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Anna Carter

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since Feb 11, 2011
I'm a 23 year old college graduate who just can't squeeze myself in to the world of "real" jobs. I've got .29 of an acre, 5 chickens, and a huge garden. I'm working on making my life more in line with my morals and ethics, which is somewhat challenging in our culture.
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Recent posts by Anna Carter

All the rain promises and more is my favourite pocket guide, and covers the big edibles, like morels, boletes, chanterelles, oysters, etc. If you're looking for a more indepth guide, than Mushrooms demystified is incredible. Yes, they are both by the same guy, but he's really good. What kind of mushrooms are you interested in hunting?
5 years ago
I've got some english ivy that keeps coming back and I keep whacking it back and ripping up what I can. I noticed that my Jerusalem artichokes rarely if ever have weeds around their bases, so I was wondering if they might be alleopathic, or perhaps just vigorous enough to out compete english ivy.

Does anybody know?
6 years ago
Why is pee good for the soil?
- natural source of nitrogen


What about germs? (like blood-born pathogens and poop diseases, is there urine pathogens/diseases)

- urine is sterile as it comes out of the body.

Do women have different pee than guys? our pee comes out differently, so does it pick up bacteria on the way?

- a very negligible amount, and not of the troublesome kind of bacteria anyway.

If you pee on the garden, doesn't that stay on your veggies? Ewww, I don't want to eat that!

- urine is water soluble. Does it rain where you live? I still don't put it on leafy things, just on the ground around them.

So you put it on the compost pile. Why?

- Nitrogen. Composting can heat up enough to kill human pathogens, if that's your aim.
6 years ago
Baking soda works, but you might have to adjust for the pH. I for quite some time used plain old baking soda. As long as you don't leave food sticking to them, there won't be anything to mold.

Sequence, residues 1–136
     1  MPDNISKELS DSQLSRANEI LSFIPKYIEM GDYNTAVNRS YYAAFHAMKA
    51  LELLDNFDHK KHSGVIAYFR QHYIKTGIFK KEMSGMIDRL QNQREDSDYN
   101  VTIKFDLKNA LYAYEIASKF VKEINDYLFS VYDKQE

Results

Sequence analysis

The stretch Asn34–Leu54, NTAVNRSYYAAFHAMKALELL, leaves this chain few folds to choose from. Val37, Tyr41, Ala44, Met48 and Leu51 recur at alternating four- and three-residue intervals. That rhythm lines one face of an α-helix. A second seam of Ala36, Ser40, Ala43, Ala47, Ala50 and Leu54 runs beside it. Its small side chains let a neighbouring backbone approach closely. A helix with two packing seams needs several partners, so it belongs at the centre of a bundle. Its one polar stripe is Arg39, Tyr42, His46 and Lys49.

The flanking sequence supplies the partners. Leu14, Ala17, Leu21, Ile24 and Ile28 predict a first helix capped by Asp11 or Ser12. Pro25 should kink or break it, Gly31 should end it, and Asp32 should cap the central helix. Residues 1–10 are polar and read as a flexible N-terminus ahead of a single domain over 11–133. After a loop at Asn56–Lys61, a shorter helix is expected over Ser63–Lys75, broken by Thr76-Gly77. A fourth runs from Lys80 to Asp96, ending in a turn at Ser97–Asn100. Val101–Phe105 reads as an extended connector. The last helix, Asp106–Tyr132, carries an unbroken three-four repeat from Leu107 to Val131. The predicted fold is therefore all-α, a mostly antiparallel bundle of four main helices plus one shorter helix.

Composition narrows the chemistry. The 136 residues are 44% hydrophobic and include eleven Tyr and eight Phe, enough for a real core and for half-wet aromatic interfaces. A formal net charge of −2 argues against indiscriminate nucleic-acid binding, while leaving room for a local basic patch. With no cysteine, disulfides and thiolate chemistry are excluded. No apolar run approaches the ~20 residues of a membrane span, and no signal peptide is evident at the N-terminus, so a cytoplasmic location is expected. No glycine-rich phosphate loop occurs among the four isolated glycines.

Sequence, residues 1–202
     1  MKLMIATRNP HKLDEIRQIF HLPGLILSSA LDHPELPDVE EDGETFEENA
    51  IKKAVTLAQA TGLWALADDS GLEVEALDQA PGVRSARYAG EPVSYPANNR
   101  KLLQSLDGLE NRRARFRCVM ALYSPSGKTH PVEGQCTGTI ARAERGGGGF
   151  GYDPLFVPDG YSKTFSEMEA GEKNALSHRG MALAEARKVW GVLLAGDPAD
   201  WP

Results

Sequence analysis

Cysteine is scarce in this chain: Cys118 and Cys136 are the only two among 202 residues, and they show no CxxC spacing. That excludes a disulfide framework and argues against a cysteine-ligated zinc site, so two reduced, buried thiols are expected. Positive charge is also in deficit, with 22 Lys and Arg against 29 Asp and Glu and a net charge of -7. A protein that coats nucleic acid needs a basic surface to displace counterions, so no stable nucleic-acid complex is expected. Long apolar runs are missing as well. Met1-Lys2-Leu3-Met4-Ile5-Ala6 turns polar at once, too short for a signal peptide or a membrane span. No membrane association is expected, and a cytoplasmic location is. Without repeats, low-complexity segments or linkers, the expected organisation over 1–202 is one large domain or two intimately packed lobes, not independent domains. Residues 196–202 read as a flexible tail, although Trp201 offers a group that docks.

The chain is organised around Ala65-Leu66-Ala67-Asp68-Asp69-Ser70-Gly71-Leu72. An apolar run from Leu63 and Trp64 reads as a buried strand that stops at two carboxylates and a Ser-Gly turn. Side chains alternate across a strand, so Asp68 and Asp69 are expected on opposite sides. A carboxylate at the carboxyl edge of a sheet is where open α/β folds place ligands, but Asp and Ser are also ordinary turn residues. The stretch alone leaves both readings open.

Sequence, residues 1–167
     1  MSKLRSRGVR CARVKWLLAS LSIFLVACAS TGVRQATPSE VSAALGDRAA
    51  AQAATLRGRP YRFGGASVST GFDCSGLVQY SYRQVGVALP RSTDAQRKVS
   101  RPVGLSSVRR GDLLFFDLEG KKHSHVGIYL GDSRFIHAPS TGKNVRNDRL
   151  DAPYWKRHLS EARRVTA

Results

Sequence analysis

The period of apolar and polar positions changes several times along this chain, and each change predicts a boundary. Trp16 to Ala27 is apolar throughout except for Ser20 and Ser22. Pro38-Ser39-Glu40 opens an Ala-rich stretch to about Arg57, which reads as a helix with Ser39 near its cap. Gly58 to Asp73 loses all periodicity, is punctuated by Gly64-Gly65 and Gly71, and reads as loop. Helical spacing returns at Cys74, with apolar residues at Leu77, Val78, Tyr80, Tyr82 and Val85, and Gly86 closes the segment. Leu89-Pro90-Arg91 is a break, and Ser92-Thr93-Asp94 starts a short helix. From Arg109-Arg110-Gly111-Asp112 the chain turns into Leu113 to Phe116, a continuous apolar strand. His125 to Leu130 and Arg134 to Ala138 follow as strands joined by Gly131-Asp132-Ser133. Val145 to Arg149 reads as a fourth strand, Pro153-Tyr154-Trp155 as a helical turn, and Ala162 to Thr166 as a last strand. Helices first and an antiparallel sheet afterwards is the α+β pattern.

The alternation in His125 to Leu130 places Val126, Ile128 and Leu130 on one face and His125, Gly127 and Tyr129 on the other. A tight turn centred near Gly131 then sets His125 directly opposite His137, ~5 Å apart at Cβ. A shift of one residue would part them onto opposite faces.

6 years ago
So, if you live in the Olympia area, you might have heard about Olympia Local Foods (if not, they serve as a kind of go between between farmers and customers; farmers tell them how much produce they have, and how much they want to sell it for, and then OLF relays that information to the customers and facilitates the transaction for both parties)-

Now, they're working to create a "Community Food Incubator"- basically, a certified facility, where small time farmers like my self can make things like pickles, jams, and dried foods and then sell them legally. I myself would really like to see them succeed, because I have a number of items that I'd like to make, but currently can't. They are currently asking for donations, so if you're in the area and would like to see this kind of food security and independence (i.e., food from local people, instead of food teleported from who knows where grown in who knows what kind of situations) develop more, please consider supporting them.

Here's their website: http://www.olympialocalfoods.com/

And here's their Kickstarter page: http://kck.st/s7rEuW
7 years ago
I think reducing is definitely key. And by reducing, I mean reducing one's buying of stuff. Housing, gas, prepared foods, tech, toys, etc. Buy choosing not to buy something, you are refusing to take all of those resources required to make the thing. If you buy used (re-using), those resources were still extracted and used, you're just using them again, instead of completely squandering them. I also think that reducing and reusing are often quite interconnected. For example: instead of buying a water bottle (or heaven and intelligence forbid, bottled water), reusing a old jar.